We love you, Mom!

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We love you, Mom!

by: Takahiro Takiguchi | .
Stripes Korea | .
published: May 06, 2014

What Mother means to me

The words to this song, called “Mother,” were written by Howard Johnson in 1915, soon after Mother’s Day was made a national holiday.

Perhaps only your grandparents remember the words or the melody, and probably only because they heard it in an old movie. But it is one of the most enduring American tunes, referenced sometimes even in modern TV shows like “The Fresh Prince of Bel Air” and “Saturday Night Live.”

The old-fashioned nature of the song doesn’t really match modern motherhood, with the constant round of transporting kids to various activities and having to deal with problems like drugs, nor does it fit the lifestyle of the military mother, who has to pick up and move the family every two or three years and create an environment that her children can adapt to.

But regardless of the time period, one day a year we pay special tribute to our mothers. Whether it is children messing up the kitchen to make breakfast for mom, designing something for her at arts and crafts, remembering at the last second to get her some flowers or being reminded by a father that she deserves a present, the second Sunday in May is second only to Christmas as a time to give gifts, even if they are only your words that say she means the world to you.

M is for the Many things she gave me,
O means only that she’s growing Old.
T is for the Tears she shed to save me,
H is for her Heart of purest gold.
is for her Eyes with love light shining,
R means Right and Right she’ll always be.
Put them all together, They spell MOTHER .
A word that means the world to me.

Carnations highlight Mom's Day in Japan

On the second Sunday of May each year in Japan most department stores, super markets, convenience stores and, of course, flower shops are stocked with carnations so people can by one for their mom.

According to Ikuko Naito of Ota Floriculture Research Institute, 660 million carnations are sold annually in Japan. Most of those on Mother’s Day.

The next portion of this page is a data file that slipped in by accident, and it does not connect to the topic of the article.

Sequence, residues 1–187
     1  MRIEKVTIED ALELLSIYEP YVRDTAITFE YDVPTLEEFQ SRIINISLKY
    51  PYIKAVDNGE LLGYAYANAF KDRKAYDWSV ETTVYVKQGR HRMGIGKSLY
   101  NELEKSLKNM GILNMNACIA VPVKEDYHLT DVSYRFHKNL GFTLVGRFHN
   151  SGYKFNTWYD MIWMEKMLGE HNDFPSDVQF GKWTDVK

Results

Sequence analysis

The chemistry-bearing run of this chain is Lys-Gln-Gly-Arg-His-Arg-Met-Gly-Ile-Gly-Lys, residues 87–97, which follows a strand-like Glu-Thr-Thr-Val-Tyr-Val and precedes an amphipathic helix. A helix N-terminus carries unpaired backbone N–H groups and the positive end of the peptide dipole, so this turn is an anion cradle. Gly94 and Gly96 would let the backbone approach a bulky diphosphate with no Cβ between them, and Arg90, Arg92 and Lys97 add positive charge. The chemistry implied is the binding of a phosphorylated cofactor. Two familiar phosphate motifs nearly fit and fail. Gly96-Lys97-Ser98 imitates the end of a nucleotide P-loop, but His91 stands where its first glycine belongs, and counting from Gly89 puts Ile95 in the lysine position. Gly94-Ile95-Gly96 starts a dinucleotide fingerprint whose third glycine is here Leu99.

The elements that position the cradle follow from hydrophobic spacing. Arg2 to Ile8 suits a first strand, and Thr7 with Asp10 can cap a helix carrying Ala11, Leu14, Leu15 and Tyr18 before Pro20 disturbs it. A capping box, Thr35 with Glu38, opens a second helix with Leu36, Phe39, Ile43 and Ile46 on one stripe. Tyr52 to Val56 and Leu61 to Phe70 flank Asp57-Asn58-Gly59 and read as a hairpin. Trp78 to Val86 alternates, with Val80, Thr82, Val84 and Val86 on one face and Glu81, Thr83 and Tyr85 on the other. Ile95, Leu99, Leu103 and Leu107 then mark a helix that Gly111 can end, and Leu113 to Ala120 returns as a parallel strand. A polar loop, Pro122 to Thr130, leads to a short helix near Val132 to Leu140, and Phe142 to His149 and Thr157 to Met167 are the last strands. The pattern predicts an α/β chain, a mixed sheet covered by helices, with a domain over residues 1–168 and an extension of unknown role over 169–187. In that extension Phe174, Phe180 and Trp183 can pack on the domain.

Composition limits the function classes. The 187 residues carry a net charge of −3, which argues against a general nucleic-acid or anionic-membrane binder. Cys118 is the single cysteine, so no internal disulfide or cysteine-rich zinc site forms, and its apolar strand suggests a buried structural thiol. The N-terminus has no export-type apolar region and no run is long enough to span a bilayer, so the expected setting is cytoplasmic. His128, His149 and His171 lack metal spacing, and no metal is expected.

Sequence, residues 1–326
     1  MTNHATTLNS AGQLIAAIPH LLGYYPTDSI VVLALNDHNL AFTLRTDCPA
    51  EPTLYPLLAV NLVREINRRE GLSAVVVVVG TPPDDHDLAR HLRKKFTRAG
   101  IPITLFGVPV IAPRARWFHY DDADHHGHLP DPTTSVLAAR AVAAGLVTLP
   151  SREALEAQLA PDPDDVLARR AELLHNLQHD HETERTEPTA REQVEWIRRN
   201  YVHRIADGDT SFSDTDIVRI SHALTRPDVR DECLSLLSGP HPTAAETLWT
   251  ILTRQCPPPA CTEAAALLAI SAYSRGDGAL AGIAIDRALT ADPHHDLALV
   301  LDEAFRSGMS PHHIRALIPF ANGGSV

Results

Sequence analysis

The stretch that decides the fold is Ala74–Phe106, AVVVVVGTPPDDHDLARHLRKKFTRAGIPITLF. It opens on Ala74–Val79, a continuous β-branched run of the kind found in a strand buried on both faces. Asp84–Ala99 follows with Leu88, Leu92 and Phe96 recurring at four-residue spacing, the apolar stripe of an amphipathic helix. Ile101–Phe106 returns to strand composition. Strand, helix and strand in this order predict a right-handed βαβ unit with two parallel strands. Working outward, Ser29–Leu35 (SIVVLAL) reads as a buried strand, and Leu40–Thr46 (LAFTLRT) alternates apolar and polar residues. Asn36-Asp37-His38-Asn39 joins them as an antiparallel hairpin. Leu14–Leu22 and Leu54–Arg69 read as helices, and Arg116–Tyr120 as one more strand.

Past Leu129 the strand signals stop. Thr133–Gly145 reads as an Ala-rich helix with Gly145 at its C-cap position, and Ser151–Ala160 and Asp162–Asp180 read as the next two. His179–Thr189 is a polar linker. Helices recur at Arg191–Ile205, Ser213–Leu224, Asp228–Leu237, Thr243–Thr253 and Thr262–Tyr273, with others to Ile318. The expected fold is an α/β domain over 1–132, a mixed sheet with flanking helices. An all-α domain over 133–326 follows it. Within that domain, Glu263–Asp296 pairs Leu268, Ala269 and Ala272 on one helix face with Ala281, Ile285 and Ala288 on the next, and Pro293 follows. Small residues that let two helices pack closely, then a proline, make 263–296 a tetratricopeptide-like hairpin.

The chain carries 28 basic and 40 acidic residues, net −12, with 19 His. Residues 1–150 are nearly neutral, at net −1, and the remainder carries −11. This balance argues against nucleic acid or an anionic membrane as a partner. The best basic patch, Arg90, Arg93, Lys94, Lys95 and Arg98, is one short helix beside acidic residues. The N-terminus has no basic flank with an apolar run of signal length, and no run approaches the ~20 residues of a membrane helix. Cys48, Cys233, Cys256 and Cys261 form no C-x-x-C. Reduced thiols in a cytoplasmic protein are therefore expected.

“Almost 100 percent of the carnations sold during the year are consumed during the Mother’s Day period,” Naito said. “Carnations are relatively cheap while there are various choices in colors and figures that may contribute to the popularity of the flower. Carnations are usually arranged with roses, lilies or other flowers in season to make a bouquet when they are presented to mothers,”       

The Mother’s Day tradition of giving carnations began in 1907 in the United States when activist Anna Jarvis delivered 500 white carnations to a church congregation in West Virginia where her deceased mother Ann used to teach Sunday school.  Traditionally, red or pink carnations have been presented to mothers while white carnations are offered in front of the altar or grave of deceased mothers.

Japan used to celebrate Mother’s Day on March 6, the birthday of Empress Kojun (mother of the current Emperor, Akihito) until the end of WW II.  Influenced by American culture, the Japanese started celebrating Mother’s Day on the second Sunday of May, just after the end of war.  The tradition of presenting carnations on Mother’s Day began in the 1960s when there was a boom of Western flowers being planted in Japan.

Originally, all carnations for Mother’s Day gifts were grown in Japan. However, since 1990 Japan started importing carnations. “Today, nearly half of the carnations presented on Mother’s Day are from Columbia,” Naito said.

According to Naito, there have been attempts to promote chrysanthemums as a Mother’s Day gift.

“In Australia, they often present chrysanthemums to mothers since ‘mum’ is somewhat associated with ‘mom’ and is considered as a good gift for mothers,” Naito said.  “We tried to introduce this tradition into Japan, however, it was not successful at all.  Since chrysanthemums are mainly used for funerals or memorial services in Japan. People cannot accept the flower as a gift for mothers, even when we introduced a bright and fashionable type of chrysanthemum called “fashion mum.”

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